What You Should Know About The COVID-19 Vaccine And Your Menstrual Cycle

There have been a number of side effects reported in relationship to the COVID-19 vaccine, with some of them being confirmed side effects studied under clinical trials. Others have been proven to be myths, and still others have not been studied enough. Whether the vaccine impacts a woman's menstrual cycle is one of the possible effects that has not been studied in-depth, despite the rumors circulating around the potential vaccine impact.

While there are no peer-reviewed, formal studies on changes to a woman's cycle after receiving any of the COVID-19 vaccines, there are women who have reported some spotting and bleeding post-vaccination, according to the Associated Press.

GoodRX noted that some women on social media have been discussing changes in their periods after their shots, but cautioned that these reports have not been verified. Some of the changes women have seen are heavier and more painful periods, as well as early periods. Of course, periods change all the time and there might be no link to the vaccine whatsoever.

This is what scientists have to say about COVID-19 vaccines and periods

Vaccines are designed to cause changes in your immune system so your body is able to fight pathogens. Obstetrician and gynecologist Dr. Jen Gunter told the Associated Press that the uterine lining that is shed when you menstruate contains immune cells, so it's possible vaccines can have a temporary impact on your cycle. However, just because there is a possible link — yet very little studied about it — doesn't mean you shouldn't get the COVID-19 vaccine.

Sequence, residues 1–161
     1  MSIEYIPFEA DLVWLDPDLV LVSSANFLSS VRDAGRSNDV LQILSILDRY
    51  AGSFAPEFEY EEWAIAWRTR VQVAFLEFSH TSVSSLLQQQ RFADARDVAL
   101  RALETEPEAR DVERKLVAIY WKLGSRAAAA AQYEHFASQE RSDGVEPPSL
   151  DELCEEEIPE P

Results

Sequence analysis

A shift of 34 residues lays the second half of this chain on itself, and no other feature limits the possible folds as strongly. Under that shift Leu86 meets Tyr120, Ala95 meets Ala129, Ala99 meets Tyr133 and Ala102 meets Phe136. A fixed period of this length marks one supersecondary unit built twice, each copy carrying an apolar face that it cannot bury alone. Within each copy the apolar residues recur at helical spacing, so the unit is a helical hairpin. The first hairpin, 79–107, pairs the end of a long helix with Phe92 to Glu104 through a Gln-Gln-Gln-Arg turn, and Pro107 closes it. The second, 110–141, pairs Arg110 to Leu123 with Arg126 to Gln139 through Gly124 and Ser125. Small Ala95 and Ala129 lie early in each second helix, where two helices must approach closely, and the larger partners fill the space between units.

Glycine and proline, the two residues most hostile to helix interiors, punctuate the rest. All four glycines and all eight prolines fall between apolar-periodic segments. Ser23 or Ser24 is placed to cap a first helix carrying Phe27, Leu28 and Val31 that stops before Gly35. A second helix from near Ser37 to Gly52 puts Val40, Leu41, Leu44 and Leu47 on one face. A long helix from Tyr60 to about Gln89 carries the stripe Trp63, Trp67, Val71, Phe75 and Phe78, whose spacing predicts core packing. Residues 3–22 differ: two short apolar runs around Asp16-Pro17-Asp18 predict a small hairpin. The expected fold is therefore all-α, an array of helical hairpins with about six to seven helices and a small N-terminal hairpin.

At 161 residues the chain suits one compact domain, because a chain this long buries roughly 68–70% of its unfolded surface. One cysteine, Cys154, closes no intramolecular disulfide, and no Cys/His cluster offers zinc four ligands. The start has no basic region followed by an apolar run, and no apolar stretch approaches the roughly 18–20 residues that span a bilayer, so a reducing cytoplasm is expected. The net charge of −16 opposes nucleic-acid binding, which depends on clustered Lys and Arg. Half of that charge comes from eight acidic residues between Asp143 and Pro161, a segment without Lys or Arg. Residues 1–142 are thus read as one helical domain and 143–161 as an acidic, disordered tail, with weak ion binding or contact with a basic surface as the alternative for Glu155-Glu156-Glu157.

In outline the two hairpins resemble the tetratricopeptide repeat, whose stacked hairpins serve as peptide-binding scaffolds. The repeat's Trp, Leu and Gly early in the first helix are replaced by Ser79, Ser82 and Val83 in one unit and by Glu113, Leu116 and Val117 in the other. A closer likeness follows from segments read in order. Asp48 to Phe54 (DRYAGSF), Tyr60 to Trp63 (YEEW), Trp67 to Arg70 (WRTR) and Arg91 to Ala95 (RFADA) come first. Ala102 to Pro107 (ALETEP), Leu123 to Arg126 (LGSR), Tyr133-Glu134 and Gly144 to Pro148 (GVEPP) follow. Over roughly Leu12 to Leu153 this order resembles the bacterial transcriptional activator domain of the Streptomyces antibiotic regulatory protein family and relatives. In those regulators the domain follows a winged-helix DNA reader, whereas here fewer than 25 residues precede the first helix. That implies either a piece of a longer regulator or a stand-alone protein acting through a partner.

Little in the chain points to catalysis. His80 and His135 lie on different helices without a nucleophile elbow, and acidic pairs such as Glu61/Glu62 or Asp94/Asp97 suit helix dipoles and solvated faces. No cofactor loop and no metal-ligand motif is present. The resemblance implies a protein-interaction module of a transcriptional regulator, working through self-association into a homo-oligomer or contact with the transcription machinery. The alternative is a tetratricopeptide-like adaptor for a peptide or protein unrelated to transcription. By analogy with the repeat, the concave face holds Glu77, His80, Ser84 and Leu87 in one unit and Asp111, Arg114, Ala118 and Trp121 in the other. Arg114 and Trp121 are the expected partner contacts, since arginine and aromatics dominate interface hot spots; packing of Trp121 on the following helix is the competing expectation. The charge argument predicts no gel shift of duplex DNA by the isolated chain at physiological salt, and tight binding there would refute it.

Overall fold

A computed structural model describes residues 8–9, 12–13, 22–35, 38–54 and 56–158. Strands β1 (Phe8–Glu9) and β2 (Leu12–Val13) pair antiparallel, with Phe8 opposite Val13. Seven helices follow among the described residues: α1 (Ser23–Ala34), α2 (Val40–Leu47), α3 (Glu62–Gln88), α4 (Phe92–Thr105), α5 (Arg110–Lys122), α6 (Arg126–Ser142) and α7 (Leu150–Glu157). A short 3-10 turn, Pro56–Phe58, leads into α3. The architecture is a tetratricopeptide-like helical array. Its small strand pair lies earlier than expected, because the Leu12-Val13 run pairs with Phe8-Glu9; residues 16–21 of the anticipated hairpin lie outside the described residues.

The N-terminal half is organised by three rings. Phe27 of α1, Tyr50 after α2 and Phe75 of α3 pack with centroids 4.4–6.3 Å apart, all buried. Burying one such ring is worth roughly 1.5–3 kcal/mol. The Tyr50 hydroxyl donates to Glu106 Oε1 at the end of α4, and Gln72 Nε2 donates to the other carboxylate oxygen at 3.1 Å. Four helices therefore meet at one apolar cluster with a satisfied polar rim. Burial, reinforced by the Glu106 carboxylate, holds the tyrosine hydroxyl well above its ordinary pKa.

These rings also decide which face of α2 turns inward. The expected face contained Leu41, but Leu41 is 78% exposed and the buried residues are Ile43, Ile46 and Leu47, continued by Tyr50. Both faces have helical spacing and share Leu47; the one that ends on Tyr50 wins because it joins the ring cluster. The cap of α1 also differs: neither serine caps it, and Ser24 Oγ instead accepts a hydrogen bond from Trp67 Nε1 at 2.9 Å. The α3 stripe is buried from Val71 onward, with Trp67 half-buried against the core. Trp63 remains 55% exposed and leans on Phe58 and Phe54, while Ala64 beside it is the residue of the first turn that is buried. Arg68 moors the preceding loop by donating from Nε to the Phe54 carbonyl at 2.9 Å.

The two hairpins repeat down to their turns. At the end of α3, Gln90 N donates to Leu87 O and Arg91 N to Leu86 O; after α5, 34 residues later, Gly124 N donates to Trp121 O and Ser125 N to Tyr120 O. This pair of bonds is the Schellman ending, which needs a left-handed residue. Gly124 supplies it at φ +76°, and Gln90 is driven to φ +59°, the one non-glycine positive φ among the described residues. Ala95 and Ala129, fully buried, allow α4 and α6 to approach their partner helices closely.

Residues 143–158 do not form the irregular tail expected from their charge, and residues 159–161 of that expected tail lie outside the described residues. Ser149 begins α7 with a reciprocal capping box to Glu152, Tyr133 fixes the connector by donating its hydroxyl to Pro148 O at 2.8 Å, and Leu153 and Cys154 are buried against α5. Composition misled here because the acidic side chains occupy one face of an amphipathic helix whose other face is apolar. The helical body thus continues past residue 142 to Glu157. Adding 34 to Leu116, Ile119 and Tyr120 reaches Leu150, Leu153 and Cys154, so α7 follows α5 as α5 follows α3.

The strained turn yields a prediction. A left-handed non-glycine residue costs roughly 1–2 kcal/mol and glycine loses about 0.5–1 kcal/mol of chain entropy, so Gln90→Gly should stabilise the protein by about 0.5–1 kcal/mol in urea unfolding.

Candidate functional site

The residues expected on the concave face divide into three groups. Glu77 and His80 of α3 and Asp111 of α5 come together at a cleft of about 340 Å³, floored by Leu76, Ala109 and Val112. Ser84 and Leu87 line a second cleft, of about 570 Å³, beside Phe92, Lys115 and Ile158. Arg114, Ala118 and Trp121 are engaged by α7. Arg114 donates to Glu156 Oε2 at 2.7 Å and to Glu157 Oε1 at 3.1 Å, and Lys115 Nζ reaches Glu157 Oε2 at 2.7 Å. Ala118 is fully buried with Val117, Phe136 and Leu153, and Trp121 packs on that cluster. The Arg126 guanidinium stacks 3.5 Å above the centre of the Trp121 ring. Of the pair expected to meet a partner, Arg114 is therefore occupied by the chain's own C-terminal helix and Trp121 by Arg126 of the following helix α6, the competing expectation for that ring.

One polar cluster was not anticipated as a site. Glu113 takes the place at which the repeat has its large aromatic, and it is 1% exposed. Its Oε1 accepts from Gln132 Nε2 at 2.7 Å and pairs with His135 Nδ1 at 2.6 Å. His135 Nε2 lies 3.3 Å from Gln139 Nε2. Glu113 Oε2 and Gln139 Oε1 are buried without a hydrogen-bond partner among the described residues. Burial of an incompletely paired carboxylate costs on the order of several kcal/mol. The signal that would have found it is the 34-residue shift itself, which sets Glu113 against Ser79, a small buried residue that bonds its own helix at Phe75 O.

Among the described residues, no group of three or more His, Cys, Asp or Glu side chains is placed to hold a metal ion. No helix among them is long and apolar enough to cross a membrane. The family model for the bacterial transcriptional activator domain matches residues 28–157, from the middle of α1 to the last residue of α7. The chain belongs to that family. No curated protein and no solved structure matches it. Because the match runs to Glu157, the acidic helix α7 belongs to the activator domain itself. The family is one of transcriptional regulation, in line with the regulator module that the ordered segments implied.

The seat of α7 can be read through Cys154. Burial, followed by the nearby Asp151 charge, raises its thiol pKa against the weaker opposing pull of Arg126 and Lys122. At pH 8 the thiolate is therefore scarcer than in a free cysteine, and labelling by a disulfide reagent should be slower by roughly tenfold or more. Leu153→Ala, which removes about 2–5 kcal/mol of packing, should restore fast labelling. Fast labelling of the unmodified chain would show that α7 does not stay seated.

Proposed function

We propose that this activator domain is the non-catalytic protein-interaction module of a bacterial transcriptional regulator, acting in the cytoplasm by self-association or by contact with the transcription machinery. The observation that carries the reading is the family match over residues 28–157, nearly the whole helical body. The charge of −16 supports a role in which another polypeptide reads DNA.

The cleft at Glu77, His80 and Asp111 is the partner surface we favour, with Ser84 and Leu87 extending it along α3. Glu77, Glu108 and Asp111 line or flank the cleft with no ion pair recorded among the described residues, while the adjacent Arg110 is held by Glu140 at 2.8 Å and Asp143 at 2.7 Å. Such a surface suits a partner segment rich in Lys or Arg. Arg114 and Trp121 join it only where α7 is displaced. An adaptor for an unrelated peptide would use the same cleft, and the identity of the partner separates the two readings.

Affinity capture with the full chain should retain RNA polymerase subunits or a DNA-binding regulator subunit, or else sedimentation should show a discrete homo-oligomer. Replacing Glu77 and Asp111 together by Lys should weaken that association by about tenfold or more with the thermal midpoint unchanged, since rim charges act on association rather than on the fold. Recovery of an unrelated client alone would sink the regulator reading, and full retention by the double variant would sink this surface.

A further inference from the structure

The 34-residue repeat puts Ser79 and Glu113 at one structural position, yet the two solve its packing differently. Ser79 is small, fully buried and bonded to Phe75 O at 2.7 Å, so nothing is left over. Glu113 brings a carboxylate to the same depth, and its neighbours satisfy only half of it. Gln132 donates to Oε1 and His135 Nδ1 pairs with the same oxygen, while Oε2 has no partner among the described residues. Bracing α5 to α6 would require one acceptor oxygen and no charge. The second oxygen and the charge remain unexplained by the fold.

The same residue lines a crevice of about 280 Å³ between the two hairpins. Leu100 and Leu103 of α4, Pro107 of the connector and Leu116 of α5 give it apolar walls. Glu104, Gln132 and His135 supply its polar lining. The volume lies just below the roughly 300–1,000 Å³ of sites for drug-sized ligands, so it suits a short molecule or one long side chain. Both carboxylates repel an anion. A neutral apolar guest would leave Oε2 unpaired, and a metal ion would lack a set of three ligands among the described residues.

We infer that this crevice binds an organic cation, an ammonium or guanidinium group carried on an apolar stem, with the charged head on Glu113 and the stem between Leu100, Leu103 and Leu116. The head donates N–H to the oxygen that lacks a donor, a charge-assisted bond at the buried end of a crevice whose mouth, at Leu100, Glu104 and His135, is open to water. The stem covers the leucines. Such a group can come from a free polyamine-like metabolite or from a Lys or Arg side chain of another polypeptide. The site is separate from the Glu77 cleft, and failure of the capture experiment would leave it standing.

"The benefits of taking the vaccine certainly way outweigh putting up with one heavy period, if indeed they're related," Dr. Mary Jane Minkin of the Yale University School of Medicine told the AP.

Although all the evidence about the COVID-19 vaccines and periods are purely anecdotal, the University of Illinois Health Institute began a survey asking women about their vaccine and menstrual experiences. The AP also noted that there is, as of publication, no link between the COVID-19 vaccine and fertility, so if your reproduction and uterine health is impacting your decision to get the vaccine, don't sweat it.